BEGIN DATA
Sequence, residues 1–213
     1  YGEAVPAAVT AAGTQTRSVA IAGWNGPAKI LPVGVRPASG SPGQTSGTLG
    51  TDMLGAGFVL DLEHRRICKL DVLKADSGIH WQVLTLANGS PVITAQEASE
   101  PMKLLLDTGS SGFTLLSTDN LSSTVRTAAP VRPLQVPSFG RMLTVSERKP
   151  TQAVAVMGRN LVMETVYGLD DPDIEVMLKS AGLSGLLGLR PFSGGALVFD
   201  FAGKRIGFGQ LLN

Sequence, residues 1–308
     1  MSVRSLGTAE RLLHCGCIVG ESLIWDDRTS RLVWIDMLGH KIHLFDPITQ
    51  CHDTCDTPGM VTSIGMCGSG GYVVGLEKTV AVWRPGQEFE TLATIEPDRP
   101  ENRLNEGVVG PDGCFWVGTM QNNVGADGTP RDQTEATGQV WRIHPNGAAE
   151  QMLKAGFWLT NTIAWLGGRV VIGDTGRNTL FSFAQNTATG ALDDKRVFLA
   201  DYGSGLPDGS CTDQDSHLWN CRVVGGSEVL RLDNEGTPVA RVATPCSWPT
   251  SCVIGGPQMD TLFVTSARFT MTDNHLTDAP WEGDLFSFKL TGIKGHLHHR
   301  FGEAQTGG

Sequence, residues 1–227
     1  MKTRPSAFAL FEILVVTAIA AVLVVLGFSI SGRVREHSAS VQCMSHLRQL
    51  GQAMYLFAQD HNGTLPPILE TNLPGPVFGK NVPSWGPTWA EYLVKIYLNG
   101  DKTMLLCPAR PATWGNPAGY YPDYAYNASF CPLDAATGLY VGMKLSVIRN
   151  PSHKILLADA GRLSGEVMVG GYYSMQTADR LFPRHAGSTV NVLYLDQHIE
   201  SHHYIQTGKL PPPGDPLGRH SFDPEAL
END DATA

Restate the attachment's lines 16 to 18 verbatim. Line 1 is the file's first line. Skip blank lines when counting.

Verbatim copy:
     1  MKTRPSAFAL FEILVVTAIA AVLVVLGFSI SGRVREHSAS VQCMSHLRQL
    51  GQAMYLFAQD HNGTLPPILE TNLPGPVFGK NVPSWGPTWA EYLVKIYLNG
   101  DKTMLLCPAR PATWGNPAGY YPDYAYNASF CPLDAATGLY VGMKLSVIRN